Do Our Dogs Get Jealous? Yes, they do!
27 July, 2014
We know that our dogs love attention from their pet parents and all kinds of affection. And if you spend time with one dog and not another member of your pet family, the other ‘member’ will want your affection and love as well. But, do our dogs get jealous of this affection? Apparently, they do.
Dogs do get jealous
Christine Harris, a psychologist at the University of California at San Diego, was playing with her parents’ border collies when she got the idea to study jealousy in dogs. Adapting a jealousy study used on 6-month-old human babies, Harris and colleague Caroline Prouvost set up experiments with 36 dogs in their homes.
The team videotaped the dogs’ reactions while their owners ignored them and instead paid attention to a stuffed animal (a realistic-looking dog that whined, barked, and wagged its tail), a jack-o-lantern pail, and a pop-up book that they read aloud.
The resulting behaviors suggest the dogs assessed each “rival” and decided whether it warranted action. If it did, they did their best to break the bond that left them out, according to the new study published July 23 in the journal PLOS ONE.
A variation of 36 dogs were observed for the study.
More specifically, of the 36 dogs observed—a varied lot including a Boston terrier, Yorkshire terriers, Chihuahuas, a pug, and mutts—78 percent would push or touch the owner when that person was petting and sweet-talking the fake dog; 42 percent were upset over attention toward the pumpkin pail, and just 22 percent were bothered when the book was the focus.
Nearly a third of the dogs tried to place their bodies between the owner and the stuffed dog, and 25 percent snapped at the toy. (Only one dog snapped at the pail and book.) And 86 percent of the dogs sniffed the stuffed animal’s rear end as they would a real dog. It appeared, the scientists say, that the dogs saw the doglike interloper as a true threat.
“These behaviors would seem to be motivated from a jealous emotional state”—though of course, she pointed out, the findings don’t speak to the subjective state of the dog’s mind.
Dogs probably don’t get jealous for too long
“Humans and dogs are different in a number of ways,” Harris said. “For example, I would doubt that the dog ruminates on the transgression after the fact, whereas humans do. Humans also ask themselves all kinds of questions about the meaning of an infidelity (am I boring? unlovable?) and about the relationship (will this be the end of my relationship?). These types of thoughts are obviously going to impact the experience and feelings of jealousy.”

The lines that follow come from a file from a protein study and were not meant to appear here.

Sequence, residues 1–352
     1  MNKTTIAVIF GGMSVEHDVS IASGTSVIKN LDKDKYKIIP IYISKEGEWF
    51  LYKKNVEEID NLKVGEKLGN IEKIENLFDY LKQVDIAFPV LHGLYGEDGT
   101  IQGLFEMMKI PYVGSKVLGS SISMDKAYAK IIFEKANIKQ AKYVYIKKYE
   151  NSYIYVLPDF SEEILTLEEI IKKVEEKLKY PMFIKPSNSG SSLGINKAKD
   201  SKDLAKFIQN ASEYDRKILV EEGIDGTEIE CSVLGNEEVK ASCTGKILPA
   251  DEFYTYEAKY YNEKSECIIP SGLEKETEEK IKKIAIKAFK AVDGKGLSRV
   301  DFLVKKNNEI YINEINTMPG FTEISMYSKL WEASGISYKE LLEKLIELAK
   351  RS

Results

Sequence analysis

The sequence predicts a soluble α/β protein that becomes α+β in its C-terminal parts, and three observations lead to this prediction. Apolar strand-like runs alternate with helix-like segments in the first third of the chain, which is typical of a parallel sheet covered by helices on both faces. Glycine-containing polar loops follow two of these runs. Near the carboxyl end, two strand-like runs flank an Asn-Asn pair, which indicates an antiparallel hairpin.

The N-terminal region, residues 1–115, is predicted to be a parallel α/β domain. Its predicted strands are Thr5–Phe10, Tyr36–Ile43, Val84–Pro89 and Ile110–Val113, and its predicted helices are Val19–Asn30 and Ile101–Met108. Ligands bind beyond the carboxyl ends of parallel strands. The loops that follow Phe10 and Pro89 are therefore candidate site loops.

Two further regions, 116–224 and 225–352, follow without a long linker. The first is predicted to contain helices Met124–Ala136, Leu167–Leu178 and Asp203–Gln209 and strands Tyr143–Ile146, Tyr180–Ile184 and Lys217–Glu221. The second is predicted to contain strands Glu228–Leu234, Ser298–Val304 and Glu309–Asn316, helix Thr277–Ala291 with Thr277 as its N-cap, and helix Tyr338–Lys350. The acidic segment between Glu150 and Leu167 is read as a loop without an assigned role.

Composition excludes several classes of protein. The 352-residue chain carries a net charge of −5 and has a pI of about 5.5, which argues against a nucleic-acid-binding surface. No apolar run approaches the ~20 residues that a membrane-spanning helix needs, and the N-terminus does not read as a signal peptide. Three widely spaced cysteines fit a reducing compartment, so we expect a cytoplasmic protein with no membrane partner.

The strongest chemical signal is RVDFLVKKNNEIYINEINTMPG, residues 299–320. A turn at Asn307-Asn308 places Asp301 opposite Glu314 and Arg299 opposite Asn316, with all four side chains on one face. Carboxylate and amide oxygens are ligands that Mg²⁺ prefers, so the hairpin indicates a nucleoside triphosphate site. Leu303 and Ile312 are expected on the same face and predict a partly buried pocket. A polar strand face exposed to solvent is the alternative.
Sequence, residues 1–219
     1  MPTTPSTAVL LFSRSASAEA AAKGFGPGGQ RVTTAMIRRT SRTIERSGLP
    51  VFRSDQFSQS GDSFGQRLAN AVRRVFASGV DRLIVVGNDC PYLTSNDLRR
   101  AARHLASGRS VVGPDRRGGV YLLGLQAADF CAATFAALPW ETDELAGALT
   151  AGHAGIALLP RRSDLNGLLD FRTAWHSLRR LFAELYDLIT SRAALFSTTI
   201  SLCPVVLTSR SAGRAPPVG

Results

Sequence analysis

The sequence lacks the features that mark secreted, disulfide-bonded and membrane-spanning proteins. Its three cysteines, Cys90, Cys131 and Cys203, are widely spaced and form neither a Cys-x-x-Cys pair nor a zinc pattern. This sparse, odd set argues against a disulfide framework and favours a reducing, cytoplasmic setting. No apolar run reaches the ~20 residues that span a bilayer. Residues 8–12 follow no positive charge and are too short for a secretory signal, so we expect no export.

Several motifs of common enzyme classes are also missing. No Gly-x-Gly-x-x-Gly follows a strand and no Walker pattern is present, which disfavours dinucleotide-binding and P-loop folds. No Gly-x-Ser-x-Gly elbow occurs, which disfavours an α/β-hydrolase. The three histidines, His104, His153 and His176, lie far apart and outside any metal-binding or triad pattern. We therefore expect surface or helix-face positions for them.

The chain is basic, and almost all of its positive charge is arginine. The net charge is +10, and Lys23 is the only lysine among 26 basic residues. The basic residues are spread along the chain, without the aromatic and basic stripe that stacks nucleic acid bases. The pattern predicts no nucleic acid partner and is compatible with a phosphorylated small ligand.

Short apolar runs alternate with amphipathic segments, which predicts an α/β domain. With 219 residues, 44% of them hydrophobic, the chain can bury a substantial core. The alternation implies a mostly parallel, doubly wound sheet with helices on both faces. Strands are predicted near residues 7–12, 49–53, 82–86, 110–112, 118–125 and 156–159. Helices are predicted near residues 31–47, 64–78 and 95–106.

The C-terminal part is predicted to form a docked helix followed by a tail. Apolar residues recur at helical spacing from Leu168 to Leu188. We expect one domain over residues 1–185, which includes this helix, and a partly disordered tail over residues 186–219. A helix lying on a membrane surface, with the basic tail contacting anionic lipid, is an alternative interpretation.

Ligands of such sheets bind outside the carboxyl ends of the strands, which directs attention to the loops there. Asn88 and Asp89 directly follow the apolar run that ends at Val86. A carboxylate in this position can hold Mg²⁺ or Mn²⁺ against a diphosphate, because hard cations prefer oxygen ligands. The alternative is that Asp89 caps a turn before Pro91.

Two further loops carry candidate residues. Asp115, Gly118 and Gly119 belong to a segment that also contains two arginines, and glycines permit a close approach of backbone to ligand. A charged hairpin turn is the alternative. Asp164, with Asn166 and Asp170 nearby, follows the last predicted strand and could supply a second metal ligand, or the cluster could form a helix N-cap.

Instead, what she imagines is shared across both species “is the urge to stop the interaction, to engage in behaviors that reestablish the loved one’s attention. The appraisal that a loved one is interacting with a rival seems sufficient to motivate this state.”
The findings “are another step in dispelling myths about what dogs supposedly cannot do,” said Marc Bekoff, a fellow at the Animal Behavior Society and an expert in dog behavior. There are compelling reasons based on solid evolutionary theory that even complex emotions like envy and guilt aren’t exclusive to human beings, said Bekoff, who wasn’t involved in the study.
It’s perhaps not surprising that in the study of human infants this dog study emulated, the babies, like the dogs, were much more likely to exhibit jealous behaviors when their mothers were attending to a realistic doll than when reading a book—a nonsocial activity.
The real outcome of this study is that jealousy is not just for humans
Not only does the study show more broadly that jealousy is not a human construct, it also suggests the emotion does not have to be based on sexual rivalry—which is the way people often think about it.
Dogs seem like the perfect species in which to look for something like envy: They are cognitively sophisticated, form bonds with humans and with each other, and will try to manipulate the way we give them attention (as the collies did). But what about other animals?
The official studies still need to be done, but Bekoff said to expect a lot more evidence showing how sophisticated the emotional lives of nonhuman creatures can be.
This is just opening the door on what could potentially be more studies on other animals and shows how dogs are emotional with feelings. As for our cats, well, they might feel jealousy as well, but they are a little more solitary and less emotional than dogs. More studies and time will tell.